The N.L. government and Eastern Health have unveiled a new emergency response team for people with mental illnesses, seven years after it was recommended by a provincial inquiry.
The mobile team comprises nurses, physicians and social workers who respond to psychiatric crises in person in the St. John's area.
The service is designed for situations where the province's telephone crisis line doesn't suffice. It is hoped the mobile unit will help curtail the number of people sent to hospitals and the frequency of calls to police.
The whole team went out Thursday afternoon in its non-descript van to introduce itself.
"It's pretty low key in terms of vehicles, but that's part of the intent of our program," said the team's David Kieley. "We don't want to identify any of the clients who are in need in the community, so we tend to want to get in and out of a neighbourhood without necessarily being recognized as the crisis team that we are."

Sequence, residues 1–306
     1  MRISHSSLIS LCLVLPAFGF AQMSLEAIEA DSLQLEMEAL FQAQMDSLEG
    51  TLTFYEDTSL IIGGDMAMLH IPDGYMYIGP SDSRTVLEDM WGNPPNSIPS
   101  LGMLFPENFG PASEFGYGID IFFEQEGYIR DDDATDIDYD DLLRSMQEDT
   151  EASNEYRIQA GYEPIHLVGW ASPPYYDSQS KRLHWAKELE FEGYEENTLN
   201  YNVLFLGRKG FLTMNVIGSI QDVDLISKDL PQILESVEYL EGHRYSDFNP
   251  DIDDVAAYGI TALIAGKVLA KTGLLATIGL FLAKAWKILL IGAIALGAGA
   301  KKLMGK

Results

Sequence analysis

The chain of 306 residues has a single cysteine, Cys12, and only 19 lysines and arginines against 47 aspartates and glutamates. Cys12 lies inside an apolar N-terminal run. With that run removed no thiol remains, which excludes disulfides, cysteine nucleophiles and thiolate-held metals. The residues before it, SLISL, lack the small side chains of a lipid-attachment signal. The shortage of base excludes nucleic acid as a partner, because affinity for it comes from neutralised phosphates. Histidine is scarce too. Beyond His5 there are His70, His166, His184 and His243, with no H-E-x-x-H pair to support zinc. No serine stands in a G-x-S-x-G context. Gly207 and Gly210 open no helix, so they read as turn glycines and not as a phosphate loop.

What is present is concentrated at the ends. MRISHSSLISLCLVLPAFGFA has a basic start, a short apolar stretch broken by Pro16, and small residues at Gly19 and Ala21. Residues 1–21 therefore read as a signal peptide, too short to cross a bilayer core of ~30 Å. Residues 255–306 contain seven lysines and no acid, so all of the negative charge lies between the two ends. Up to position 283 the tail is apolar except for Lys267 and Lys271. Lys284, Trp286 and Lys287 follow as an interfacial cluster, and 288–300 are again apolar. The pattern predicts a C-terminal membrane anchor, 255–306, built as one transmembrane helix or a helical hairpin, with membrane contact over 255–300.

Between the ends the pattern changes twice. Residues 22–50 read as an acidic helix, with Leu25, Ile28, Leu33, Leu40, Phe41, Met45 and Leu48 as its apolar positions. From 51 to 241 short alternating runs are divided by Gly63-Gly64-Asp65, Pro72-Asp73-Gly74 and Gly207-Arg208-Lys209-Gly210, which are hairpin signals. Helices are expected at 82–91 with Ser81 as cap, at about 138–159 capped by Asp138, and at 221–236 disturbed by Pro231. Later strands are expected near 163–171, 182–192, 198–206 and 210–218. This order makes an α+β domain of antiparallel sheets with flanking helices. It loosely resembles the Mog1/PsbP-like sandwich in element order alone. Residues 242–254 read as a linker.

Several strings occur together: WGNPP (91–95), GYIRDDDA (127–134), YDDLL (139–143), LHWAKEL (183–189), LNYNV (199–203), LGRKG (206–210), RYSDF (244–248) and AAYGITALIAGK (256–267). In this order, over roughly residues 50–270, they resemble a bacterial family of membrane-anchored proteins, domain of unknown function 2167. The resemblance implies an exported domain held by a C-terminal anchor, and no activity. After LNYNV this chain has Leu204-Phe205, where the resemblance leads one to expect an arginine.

The establishment of the crisis team was a key recommendation of the 2003 Luther inquiry, which investigated the deaths of two mentally ill men who were shot and killed by the police in separate incidents in Corner Brook and Little Catalina.
With over 600 calls to the mental-health crisis line last year from people contemplating or attempting suicide, advocates say it's better late than never.
"Sometimes individuals living with mental-health illnesses are unable to go to hospital. This may be related to the stigma, or the individual may not realize the extent of their illness," said Keith Hutchings, member of the house of assembly for Ferryland, which includes parts of St. John's.
The new mobile response team can be reached via the provincial mental-health crisis line at 1-888-737-4668.